A diuretic is any substance that increases the frequency of urination, or the excretion of water from the body. The term diuretic can be used to refer to medication, such as pills, food, or even beverages that contain substances that elevates the rate at which you urinate. There are many kinds of diuretics, and the classifications are determined based on how the diuretics act.
Diuretics have various purposes in the medical field. The most obvious use for diuretics is for people who have problems with fluid retention. Edema is one such condition, wherein a high volume of fluids is retained by the body. Other health problems that include diuretics in treatment are heart failure, liver cirrhosis, hypertension, and even some kidney diseases. Diuretics have the positive side effect of lowering blood pressure - hence their use in treating hypertension.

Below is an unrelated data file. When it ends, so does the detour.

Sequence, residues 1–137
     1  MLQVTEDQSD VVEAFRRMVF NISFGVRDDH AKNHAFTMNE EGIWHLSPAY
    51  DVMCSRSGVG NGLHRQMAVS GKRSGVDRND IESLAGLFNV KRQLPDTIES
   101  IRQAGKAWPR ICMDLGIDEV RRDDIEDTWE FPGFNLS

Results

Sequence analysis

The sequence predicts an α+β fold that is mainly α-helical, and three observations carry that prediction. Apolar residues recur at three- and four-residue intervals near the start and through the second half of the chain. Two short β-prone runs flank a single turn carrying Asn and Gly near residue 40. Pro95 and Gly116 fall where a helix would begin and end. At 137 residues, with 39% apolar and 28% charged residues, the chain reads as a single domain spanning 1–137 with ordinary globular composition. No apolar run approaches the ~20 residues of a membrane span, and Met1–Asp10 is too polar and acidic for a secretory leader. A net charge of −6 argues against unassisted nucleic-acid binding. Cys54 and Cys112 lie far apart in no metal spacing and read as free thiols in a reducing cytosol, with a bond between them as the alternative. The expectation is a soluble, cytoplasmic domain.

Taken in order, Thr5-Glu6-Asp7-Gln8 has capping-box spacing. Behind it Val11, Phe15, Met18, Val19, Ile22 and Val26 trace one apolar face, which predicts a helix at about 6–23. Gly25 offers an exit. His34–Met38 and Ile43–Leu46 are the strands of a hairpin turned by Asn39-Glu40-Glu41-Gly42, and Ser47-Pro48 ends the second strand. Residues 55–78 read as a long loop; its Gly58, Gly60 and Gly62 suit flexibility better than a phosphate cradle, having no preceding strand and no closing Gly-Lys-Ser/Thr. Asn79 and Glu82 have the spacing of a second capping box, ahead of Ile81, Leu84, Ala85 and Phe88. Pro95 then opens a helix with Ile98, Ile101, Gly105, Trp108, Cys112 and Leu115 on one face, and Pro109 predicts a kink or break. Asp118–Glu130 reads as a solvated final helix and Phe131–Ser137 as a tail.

Many people today have heard of the use of diuretics to aid weight loss. While it is being used for this purpose, it is also important to note that weight loss is not the primary reason for the use of diuretics. Indeed, it can be so easy to abuse diuretics in the attempt to lose weight without much effort. Crash weight loss programs often involve diuretics because these substances remove substantial amounts of water from the body, resulting in significant weight loss. However, the amount of body fat remains the same, and eventually, the lost weight will come back. More so, the use of diuretics for quick weight loss can result in other health problems such as severe potassium deficiency, which can be dangerous.